Advertisement

Conclusion

  • Lu JiangEmail author
Chapter
Part of the Governing China in the 21st Century book series (GC21)

Abstract

This chapter concludes from the historical trajectory of Chinese agro-cooperation with Africa that how the status of being as a developing country (along with other historical experiences) has shaped China’s ‘mutual-development’ mind-set in its external development cooperation. It summarizes the three models of China’s contemporary development cooperation in African agriculture and explains the logic of ‘development package’ behind and its link with the ‘mutual-development’ mentality. The chapter also brings China back into the global IDC landscape, reflecting the ‘new’ elements involved in Chinese development cooperation and comparing that with the Northern practice. It thus calls for a broadening understanding for IDC that can allow win-win ideology and embrace diversified cooperation forms beyond the traditional ODA.

Keywords

Development status Historical experience Mutual development Development package 

References

  1. Alesina, Alberto, and David Dollar. 2000. ‘Who Gives Foreign Aid to Whom and Why?’ Journal of Economic Growth 5 (1): 33–63.Google Scholar
  2. Bräutigam, Deborah. 2009. The Dragon’s Gift: The Real Story of China in Africa. Oxford: Oxford University Press.Google Scholar
  3. Clay, Edward, Matthew Geddes, and Luisa Natali. 2009. ‘Untying Aid: Is It Working? An Evaluation of the Implementation of the Paris Declaration and of the 2001 DAC Recommendation of Untying ODA to the LDCs’. DIIS (Danish Institute for International Studies), Copenhagen.Google Scholar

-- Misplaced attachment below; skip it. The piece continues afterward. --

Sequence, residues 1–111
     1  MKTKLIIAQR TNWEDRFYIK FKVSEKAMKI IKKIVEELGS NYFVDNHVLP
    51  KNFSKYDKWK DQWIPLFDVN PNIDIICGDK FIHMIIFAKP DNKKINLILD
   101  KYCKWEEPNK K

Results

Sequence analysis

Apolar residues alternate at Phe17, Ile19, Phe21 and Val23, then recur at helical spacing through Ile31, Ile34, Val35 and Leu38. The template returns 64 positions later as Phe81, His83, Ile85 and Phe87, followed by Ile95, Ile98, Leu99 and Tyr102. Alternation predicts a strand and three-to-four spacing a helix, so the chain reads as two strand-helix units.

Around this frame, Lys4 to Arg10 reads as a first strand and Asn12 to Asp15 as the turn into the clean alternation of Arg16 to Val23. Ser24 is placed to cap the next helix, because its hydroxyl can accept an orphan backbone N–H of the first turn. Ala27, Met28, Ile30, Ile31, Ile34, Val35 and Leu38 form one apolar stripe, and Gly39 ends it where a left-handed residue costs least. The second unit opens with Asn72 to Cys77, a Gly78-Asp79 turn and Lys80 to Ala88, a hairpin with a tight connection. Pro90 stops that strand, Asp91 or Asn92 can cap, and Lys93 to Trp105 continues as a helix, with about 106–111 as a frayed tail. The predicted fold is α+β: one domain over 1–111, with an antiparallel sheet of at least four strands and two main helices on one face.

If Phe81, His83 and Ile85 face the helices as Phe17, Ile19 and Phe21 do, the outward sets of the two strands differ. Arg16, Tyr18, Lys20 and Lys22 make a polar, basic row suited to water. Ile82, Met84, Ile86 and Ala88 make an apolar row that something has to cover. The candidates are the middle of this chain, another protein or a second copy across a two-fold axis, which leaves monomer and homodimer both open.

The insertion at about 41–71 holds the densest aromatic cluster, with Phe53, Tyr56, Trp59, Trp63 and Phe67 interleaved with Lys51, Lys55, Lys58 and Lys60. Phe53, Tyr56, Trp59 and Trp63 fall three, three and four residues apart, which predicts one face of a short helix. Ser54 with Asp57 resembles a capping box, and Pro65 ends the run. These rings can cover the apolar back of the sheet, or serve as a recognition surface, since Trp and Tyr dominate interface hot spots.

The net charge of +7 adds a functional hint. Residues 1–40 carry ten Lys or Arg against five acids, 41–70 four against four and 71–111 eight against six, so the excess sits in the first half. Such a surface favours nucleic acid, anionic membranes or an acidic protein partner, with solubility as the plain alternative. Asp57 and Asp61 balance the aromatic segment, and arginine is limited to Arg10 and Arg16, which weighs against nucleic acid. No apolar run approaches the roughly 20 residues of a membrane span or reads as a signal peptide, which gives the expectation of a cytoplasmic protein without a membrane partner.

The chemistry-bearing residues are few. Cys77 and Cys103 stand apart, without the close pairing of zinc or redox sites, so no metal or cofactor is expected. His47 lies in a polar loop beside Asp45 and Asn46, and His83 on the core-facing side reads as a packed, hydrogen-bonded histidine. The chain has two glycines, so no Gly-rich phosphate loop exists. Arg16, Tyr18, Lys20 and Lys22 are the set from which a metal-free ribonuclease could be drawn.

4. Grimm, Sven, and Christine Hackenesch. 2017. ‘China in Africa: What Challenges for a Reforming European Union Development Policy? Illustrations from Country Cases’. Development Policy Review 35 (4): 549–566.CrossRefGoogle Scholar
  5. Hjertholm, Peter, and Howard White. 2000. ‘Foreign Aid in Historical Perspective: Background and Trends’. In Foreign Aid and Development: Lessons Learnt and Directions for the Future, 59–77. London: Routledge.Google Scholar
  6. William, Hynes, and Simon Scott. 2013. ‘The Evolution of Official Development Assistance: Achievements, Criticisms and A Way Forward’. OECD Development Co-operation Working Papers No. 12. OECD Publishing, Paris.Google Scholar
  7. ICAI. 2015. ‘Business in Development’. ICAI (Independent Commission for Aid Impact). https://icai.independent.gov.uk/wp-content/uploads/ICAI-Business-in-Development-FINAL.pdf.
  8. Kapoor, Ilan. 2008. The Postcolonial Politics of Development. Princeton, NJ: Princeton University Press.Google Scholar
  9. Morgenthau, Hans. 1962. ‘A Political Theory of Foreign Aid’. The American Political Science Review 56 (2): 301–309.CrossRefGoogle Scholar
  10. Niu, Jun. 2010. Zhonghua Renmin Gongheguo Duiwai Guanxi Shi Gailun, 1949–2000 (Introduction to History of Foreign Relations of the People’s Republic of China, 1949–2000). Beijing: Peking University Press.Google Scholar
  11. Veen, Maurits van der. 2011. Ideas, Interests and Foreign Aid. Cambridge: Cambridge University Press.Google Scholar

Copyright information

© The Author(s) 2020

Authors and Affiliations

  1. 1.Shanghai University of International Business and EconomicsShanghaiChina
  2. 2.Fudan Development InstituteShanghaiChina

Personalised recommendations